Tag: Avoiding Evidence

A general indisposition towards believing

A motive, however stronger in itself than another, may yet make a weaker impression, when employed, after that the motive of less, tho’ sufficient, strength hath already been resisted. For the mind doth, by every degree of affected unbelief, contract more and more of a general indisposition towards believing: …

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I know of no one fact

[T]he evidence of our Lord’s life and death and resurrection, may be, and often has been shown to be, satisfactory; it is good according to the common rules for distinguishing good evidence from bad. Thousands and ten thousands of persons have gone through it piece by piece, as carefully as ever judge summed up on a most important cause: I have myself done it many times over, not to persuade others, but to satisfy myself. I have been used for many years to study the history of other times, and to examine and weigh the evidence of those who have written about them; and I know of no one fact in the history of mankind, which is proved by better and fuller evidence of every sort to the understanding of a fair inquirer, than the great sign which God has given us, that Christ died and rose again from the dead.

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To neglect and despise plain and sufficient evidence

There is, to my apprehension, nothing more unreasonable than to neglect and despise plain and sufficient evidence before us, and to sit down to imagine what kind of evidence would have pleased us, and then to make the want of such evidence an objection to the truth, which yet, if well considered, would be found to be well established.

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It is not for want of strength

The evidence they had before was enough, amply enough, to convince them; but they were resolved not to be convinced: And to those, who are resolved not to be convinced, all motives, all arguments are equal. He that shuts his eyes against a small light, on purpose to avoid the sight of somewhat that displeases him, would (for the same reason) shut them also against the sun itself; …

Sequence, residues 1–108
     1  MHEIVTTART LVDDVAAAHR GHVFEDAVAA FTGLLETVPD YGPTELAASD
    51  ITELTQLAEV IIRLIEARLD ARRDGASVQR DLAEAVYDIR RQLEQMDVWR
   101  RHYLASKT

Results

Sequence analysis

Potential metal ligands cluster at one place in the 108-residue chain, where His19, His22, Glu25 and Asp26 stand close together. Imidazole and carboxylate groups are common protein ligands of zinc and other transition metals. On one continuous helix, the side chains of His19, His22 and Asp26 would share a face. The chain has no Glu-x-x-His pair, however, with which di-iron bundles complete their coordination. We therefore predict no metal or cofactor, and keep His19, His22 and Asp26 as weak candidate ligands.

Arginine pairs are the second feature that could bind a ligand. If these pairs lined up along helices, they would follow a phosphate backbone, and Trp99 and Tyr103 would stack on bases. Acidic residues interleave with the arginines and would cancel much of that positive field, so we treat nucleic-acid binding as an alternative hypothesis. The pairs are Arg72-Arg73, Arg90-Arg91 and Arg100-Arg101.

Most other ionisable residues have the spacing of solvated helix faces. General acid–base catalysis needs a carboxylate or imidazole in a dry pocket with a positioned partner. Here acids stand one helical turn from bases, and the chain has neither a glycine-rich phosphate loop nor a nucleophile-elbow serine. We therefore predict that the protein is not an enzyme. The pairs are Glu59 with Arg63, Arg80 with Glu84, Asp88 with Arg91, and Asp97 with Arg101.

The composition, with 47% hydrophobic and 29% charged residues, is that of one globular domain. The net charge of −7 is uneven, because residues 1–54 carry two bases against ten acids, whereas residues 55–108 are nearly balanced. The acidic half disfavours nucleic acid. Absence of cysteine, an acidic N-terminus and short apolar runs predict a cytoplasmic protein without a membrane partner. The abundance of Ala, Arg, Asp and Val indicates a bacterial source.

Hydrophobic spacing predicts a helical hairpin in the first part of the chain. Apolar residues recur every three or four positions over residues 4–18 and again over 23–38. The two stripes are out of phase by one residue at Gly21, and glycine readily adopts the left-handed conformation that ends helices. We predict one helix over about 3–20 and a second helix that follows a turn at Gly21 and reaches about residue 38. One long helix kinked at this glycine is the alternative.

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George Berkeley: Your men of sense are hard to please

Euphranor. It seems then they reject the Revelations because they are obscure, and Daniel’s prophecies because they are clear.

Alciphron. Either way a man of sense sees cause to suspect there has been foul play.

Euph. Your men of sense are, it seems, hard to please.

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Richard Cecil: I was afraid to read

When I was sunk in the depths of infidelity, I was afraid to read any author who treated Christianity in a dispassionate, wise, and searching manner. He made me uneasy. Conscience would gather strength. I found it more difficult to stifle her remonstrances.

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George Berkeley: One would think it very rash …

Euphranor. To an extraordinary genius, who sees things with half an eye, I know not what to say. But for the rest of mankind, one would think it very rash in them to conclude, without much and exact inquiry, on the unsafe side of a question which concerns their chief interest.

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John England: The rejection of evidence must be irreligious

When … sufficient testimony has been adduced, to withhold belief would be unreasonable—unreasonable rejection of evidence, where there is no question as to the revelation of God, cannot be innocent. The refusal to examine is plainly against the first principle of religion; contrary to the plainest maxims of reason. A mistake honestly made is pardonable, but the rejection of evidence must be irreligious.

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